Cant, H. (1994).  Inclusive Education.  The Alberta Experience.  Practising administrator, 16(3), 38-41.
Coll, R. K., & Chapman, R. (2000). Qualitative or Quantitative?  Choices of methodology for cooperative education researchers. Journal of Cooperative Education, 35(1), 25-35.
Creswell, J. W. (1998). Qualitative inquiry and research design:  Choosing among five traditions. Thousand Oaks: Sage.
Freebody, P. (2003). Qualitative research in education: interaction and practice. London: SAGE Publications.
Hamaidi, D., Homidi, M., & Reyes, L. (2012). International Views of Inclusive Education:  A Comparative Study of Early Childhood Educators' Perceptions in Jordan, United Arab Emirates, and the United States of America. International Journal of Special Education, 27(2), 94-101.  
Haskell, D. (2000). Building Bridges Between Science and Special Education.  Electronic Journal of Science Education, 4(3), 1-12.
Home, M. D. (1983).  Attitudes of Elementary Classroom Teachers Toward Mainstreaming.  The Exceptional Child, 30, 93-97.
Hsien, M., Brown, P. M., & Bortoli, A. (2009). Teacher Qualifications and Attitudes toward Inclusion.  Australian Journal of Special Education,  33(1), 26-41
Hwang, Y., & Evans, D. (2011).  Attitudes towards Inclusion:  Gaps between Belief and Practice. International Journal of Special Education, 26(1)m 136-146.
Malone, D. M., Gallagher, P.A., & Long, S. R. (2001).  General Education Teachers’ Attitudes and Perceptions of Teamwork Supporting children with Developmental Concerns. Early Education and Development, 12(4), 577-592.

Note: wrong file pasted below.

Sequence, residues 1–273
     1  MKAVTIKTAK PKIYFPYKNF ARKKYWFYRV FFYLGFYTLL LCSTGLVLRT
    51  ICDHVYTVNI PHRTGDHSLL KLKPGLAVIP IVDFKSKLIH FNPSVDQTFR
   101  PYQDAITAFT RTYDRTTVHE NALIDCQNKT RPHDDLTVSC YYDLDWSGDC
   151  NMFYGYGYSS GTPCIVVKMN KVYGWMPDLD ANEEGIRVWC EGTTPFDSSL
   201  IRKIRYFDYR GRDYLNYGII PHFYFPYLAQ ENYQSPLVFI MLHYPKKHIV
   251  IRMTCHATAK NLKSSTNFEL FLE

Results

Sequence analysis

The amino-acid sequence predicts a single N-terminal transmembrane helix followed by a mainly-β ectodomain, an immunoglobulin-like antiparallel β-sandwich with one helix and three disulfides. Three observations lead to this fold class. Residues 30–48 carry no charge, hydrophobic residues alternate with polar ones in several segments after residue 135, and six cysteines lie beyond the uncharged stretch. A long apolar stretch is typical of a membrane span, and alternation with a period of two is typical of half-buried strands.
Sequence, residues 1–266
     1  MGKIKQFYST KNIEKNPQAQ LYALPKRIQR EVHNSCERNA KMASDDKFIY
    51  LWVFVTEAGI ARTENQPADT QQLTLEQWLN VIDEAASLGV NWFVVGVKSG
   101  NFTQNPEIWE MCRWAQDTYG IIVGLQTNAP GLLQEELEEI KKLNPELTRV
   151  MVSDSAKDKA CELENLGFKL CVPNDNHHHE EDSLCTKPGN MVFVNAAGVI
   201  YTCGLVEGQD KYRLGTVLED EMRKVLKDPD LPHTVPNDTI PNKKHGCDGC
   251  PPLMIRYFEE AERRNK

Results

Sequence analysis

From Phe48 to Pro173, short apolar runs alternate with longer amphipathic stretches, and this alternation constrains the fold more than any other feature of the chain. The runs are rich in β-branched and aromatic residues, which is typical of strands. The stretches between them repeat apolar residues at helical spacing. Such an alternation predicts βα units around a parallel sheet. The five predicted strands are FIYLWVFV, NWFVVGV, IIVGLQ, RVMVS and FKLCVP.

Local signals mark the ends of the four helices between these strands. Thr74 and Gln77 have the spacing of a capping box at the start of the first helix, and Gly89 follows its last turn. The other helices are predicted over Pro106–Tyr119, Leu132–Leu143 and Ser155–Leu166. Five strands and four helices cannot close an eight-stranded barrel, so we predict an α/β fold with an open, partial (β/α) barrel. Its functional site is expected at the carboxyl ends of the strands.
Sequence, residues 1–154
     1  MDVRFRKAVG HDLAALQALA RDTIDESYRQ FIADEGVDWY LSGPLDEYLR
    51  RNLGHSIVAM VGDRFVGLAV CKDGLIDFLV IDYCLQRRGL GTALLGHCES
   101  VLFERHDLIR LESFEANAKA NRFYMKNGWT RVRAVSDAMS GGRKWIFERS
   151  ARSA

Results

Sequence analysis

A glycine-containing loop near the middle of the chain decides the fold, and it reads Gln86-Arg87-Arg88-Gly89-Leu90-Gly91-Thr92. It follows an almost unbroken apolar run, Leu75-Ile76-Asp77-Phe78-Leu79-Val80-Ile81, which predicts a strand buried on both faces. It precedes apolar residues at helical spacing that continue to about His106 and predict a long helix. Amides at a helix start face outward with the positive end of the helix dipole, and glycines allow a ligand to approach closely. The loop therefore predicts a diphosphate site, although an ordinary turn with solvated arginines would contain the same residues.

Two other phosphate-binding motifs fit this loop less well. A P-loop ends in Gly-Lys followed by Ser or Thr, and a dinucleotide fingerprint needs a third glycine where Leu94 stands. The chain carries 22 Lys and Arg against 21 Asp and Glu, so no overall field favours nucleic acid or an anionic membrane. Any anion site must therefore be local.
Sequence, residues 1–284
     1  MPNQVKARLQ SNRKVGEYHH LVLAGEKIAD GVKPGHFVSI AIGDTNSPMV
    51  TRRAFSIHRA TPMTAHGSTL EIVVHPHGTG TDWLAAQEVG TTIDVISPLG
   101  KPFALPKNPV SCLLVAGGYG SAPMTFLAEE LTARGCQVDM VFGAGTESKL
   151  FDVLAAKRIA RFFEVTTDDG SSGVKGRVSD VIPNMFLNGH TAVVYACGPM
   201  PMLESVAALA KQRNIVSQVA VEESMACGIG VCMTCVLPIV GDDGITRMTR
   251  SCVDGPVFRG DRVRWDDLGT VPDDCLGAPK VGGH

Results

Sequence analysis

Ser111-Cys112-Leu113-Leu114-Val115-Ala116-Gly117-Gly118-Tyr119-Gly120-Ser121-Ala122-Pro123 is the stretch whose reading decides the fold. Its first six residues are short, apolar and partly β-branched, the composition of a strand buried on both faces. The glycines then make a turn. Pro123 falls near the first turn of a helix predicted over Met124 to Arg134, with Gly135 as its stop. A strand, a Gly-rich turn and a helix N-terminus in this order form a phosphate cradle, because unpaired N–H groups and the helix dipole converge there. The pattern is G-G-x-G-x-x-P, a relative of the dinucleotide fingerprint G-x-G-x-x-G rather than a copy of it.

McCray, E. D., & McHatton, P. A. (2011). "Less Afraid to Have" Them" in My Classroom": Under
standing Pre-Service General Educators' Perceptions about Inclusion. Teacher Education Quarterly, 38(4), 135-155.
McHatton, P., & Parker, A. (2013). Purposeful Preparation Longitudinally Exploring INclusion Attitudes of General and Special Education Pre-Service Teachers. Teacher Education and Special Education:  The Journal of the Teacher Education Division of the Council for Exceptional Children, 36(3), 186-203.
Melekoglu, M. (2013). Examining the Impact of Interaction Project with Students with Special Needs on Development of Positive Attitude and Awareness of General Education Teachers towards Inclusion. Educational Sciences:  Theory & Practice, 13(2), -.
Pajares, M. F. (1992). Teachers' Beliefs And Educational Research: Cleaning Up A Messy Construct. Review of Educational Research, 62(3), 307.
Rodriguez, I.R., Saladan, D., & Moren, F. J. (2012).  Support, Inclusion, and Special Education Teachers’ Attitudes toward the Education of Students with Autism Spectrum Disorders, Autism Research and Treatment, 2012(259468), 1-8.
Rose, R., & Coles, C. (2002). Special and mainstream school collaboration for the promotion of inclusion. Journal of Research in Special Educational Needs, 2(2), 1-17.
Ross-Hill, R. (2009).  Teacher Attitude Towards Inclusion Practices and Special Needs Students. Journal of Research in Special Educational Needs, 9(3), 188-198.
Socuoglu, B., Bakkaloglu, H., Karasu, F., Demir, T., & Akalin, S. (2013). Inclusive Preschool Teachers:  Their Attitudes and Knowledge about Inclusion. International Journal of Early Childhood Special Education, 5(2), 107-128.
Swain, K., Nordness, P., & Leader-Janssen, E. (2012). Changes in Preservice Teacher Attitudes toward inclusion. Preventing School Failure, 56(2), 75-81.